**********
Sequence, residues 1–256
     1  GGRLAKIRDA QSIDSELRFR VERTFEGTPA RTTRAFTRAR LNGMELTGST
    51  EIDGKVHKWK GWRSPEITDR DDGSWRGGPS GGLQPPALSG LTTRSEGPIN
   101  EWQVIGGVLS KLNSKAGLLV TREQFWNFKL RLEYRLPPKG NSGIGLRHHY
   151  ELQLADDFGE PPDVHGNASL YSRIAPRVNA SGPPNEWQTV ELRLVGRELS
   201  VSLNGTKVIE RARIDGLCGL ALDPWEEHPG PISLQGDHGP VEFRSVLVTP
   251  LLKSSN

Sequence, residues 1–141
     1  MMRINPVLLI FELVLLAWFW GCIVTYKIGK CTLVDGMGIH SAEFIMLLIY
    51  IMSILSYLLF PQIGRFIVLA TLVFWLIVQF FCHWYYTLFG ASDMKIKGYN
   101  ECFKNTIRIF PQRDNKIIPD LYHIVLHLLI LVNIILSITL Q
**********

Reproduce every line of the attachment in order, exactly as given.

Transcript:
Sequence, residues 1–256
     1  GGRLAKIRDA QSIDSELRFR VERTFEGTPA RTTRAFTRAR LNGMELTGST
    51  EIDGKVHKWK GWRSPEITDR DDGSWRGGPS GGLQPPALSG LTTRSEGPIN
   101  EWQVIGGVLS KLNSKAGLLV TREQFWNFKL RLEYRLPPKG NSGIGLRHHY
   151  ELQLADDFGE PPDVHGNASL YSRIAPRVNA SGPPNEWQTV ELRLVGRELS
   201  VSLNGTKVIE RARIDGLCGL ALDPWEEHPG PISLQGDHGP VEFRSVLVTP
   251  LLKSSN

Sequence, residues 1–141
     1  MMRINPVLLI FELVLLAWFW GCIVTYKIGK CTLVDGMGIH SAEFIMLLIY
    51  IMSILSYLLF PQIGRFIVLA TLVFWLIVQF FCHWYYTLFG ASDMKIKGYN
   101  ECFKNTIRIF PQRDNKIIPD LYHIVLHLLI LVNIILSITL Q